Burger King is getting salty with McDonalds in the name of mental-health awareness — and some people are finding it hard to swallow.
The fast-food chain, which is owned by Restaurant Brands International
, is marking Mental Health Month in May by rolling out boxed value meals that strongly resemble its competitor’s iconic Happy Meals — but named after a range of less cheerful human emotions.
The colorful sentiments that Burger King’s “Real Meals” embody include: the “Pissed Meal” (for when you’re hangry); the “Yaaas Meal” (for when you’re extremely excited); the “DGAF Meal” (when you don’t give a f—); the “Salty Meal” (when you’re sassy or combative) and the “Blue Meal” (when you’re feeling sad).
not sure who needed to hear this today, but it’s ok not to be happy all the time. all that matters is that you #FeelYourWay. https://t.co/vPmy1sT0cC pic.twitter.com/XmF0GvMjCg
— Burger King (@BurgerKing) May 1, 2019
The Real Meals are available while supplies last in select Austin, Seattle, Miami, Los Angeles and New York City locations. Each box features a different Whopper and fries combo. (Alas, since they’re targeted to adults, they don’t come with a toy like McDonalds’
signature Happy Meals.)
See: Burger King to take meatless ‘Impossible Whopper’ national later this year
Burger King has partnered with Mental Health America, a community-based non-profit dedicated to addressing the needs of those living with mental illness and to promote mental health. The campaign rolled out on Wednesday with a short video on social media that shows people admitting that they sometimes feel sad, scared and “crappy.” It commemorates the classic “Have It Your Way” song from the 1970s Burger King commercials with men and women laying down less cheerful rhymes such as, “I can’t believe my student loan/I’m never moving out of my parents’ home.”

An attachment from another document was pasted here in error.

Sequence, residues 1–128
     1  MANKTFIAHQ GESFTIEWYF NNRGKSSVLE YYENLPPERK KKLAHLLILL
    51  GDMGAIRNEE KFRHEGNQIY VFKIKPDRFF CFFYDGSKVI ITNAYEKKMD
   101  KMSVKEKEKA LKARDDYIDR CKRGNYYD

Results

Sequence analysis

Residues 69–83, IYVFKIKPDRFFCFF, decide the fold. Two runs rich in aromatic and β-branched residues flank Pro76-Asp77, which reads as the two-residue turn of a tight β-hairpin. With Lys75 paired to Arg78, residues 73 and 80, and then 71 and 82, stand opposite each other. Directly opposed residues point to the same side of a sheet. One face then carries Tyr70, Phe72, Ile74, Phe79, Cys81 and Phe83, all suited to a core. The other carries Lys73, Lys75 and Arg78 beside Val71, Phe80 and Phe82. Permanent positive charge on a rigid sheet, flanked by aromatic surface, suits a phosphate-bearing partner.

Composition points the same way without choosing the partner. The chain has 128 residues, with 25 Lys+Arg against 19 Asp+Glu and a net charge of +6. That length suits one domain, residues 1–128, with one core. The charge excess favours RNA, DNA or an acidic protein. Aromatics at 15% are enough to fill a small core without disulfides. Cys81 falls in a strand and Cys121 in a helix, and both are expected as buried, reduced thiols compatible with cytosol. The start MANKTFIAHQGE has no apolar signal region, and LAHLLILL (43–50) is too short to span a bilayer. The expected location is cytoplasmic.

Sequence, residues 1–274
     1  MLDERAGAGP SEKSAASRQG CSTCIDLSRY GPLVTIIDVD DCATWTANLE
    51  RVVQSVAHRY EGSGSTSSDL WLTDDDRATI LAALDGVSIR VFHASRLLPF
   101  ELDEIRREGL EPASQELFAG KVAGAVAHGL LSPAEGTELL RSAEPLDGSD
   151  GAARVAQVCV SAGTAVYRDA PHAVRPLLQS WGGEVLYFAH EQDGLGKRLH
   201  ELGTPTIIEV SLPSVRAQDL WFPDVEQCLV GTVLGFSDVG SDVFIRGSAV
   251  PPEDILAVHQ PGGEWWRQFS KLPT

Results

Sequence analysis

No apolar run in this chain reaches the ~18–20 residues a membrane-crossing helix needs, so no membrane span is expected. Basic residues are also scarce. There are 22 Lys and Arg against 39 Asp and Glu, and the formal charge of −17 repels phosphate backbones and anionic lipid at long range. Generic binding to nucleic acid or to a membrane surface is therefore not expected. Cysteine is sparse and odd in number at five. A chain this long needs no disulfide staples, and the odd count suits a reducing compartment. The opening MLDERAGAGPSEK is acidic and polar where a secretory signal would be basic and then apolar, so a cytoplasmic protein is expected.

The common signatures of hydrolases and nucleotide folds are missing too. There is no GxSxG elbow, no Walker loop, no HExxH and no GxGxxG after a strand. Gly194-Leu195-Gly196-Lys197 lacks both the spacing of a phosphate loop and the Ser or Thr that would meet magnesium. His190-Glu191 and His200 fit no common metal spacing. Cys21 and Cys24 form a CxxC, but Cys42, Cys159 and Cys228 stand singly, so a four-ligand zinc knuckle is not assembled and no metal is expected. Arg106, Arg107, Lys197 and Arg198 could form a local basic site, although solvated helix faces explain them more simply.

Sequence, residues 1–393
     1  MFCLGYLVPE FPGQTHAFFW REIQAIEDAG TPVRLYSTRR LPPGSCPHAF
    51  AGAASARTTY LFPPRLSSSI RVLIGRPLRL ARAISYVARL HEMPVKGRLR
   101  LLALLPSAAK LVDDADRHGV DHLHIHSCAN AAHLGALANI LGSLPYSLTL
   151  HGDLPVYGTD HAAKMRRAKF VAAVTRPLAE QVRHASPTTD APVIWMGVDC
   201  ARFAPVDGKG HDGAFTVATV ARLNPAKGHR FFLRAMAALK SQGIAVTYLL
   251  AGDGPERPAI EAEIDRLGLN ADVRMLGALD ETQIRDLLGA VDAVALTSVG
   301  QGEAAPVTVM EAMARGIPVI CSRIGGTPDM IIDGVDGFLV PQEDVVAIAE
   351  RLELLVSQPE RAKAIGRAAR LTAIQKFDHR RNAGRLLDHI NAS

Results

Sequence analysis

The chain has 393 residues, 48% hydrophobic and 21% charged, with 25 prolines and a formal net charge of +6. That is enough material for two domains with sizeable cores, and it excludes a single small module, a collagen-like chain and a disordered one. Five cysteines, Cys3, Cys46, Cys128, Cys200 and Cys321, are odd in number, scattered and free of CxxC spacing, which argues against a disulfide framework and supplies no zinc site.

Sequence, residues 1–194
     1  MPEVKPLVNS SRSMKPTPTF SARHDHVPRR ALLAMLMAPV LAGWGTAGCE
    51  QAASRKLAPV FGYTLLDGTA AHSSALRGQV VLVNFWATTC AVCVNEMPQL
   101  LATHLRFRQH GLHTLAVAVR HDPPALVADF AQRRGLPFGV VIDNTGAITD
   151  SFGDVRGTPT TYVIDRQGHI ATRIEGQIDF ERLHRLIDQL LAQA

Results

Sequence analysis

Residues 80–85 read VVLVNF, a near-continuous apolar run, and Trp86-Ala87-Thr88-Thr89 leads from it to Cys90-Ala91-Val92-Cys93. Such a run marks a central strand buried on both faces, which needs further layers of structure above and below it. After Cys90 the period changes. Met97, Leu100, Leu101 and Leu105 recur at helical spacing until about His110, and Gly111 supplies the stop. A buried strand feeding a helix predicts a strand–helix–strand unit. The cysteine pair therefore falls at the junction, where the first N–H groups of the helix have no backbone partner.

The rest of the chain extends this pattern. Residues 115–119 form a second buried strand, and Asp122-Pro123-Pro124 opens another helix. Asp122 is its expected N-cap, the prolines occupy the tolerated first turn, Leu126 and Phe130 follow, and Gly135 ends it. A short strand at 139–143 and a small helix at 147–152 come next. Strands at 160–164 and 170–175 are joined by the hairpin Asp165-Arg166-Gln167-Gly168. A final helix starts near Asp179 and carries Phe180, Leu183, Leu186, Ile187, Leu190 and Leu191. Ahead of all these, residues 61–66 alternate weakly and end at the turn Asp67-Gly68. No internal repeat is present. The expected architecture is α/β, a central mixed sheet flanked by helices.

Some people celebrated Burger King and Mental Health America for relieving the constant pressure to always be happy, as well as helping to de-stigmatize mental illness. Positive comments under Burger King’s social media posts include, “Thank you Burger King. Very cool,” and “Take my money.”
See: Burger King parent Restaurant Brands stock sinks after profit misses expectations, sales were in line
But others complained about Burger King using depression as a marketing tool. Or they were cynical about the sincerity of the campaign.
Millions of marketing dollars went into making you feel good about feeling bad so you could enjoy a whopper. #FeelYourWay
— Bridget Phetasy (@BridgetPhetasy) May 2, 2019
So I guess I want to ask @BurgerKing is what they’re doing for the mental health of their employees. Are they getting access to free/low-cost counseling? Is there healthcare? A living wage? A clear channel to report harassment? Paid sick leave? Or just boxes for the ‘gram? https://t.co/QyX8ilaf5k
— Kat Kinsman (@kittenwithawhip) May 2, 2019
why is Burger King telling me it’s OK to feel?
— JuanPa (@jpbrammer) May 2, 2019
Burger King did not immediately respond to a MarketWatch request for comment. Mental Health America president Paul Gionfriddo responded in a statement that, “While not everyone would think about pairing fast food and mental health, MHA believes in elevating the conversation in all communities in order to address mental illness Before Stage 4. By using its internationally-known reputation to discuss the importance of mental health, Burger King is bringing much-needed awareness to this important and critical discussion — and letting its customers know that it’s OK to not be OK.”
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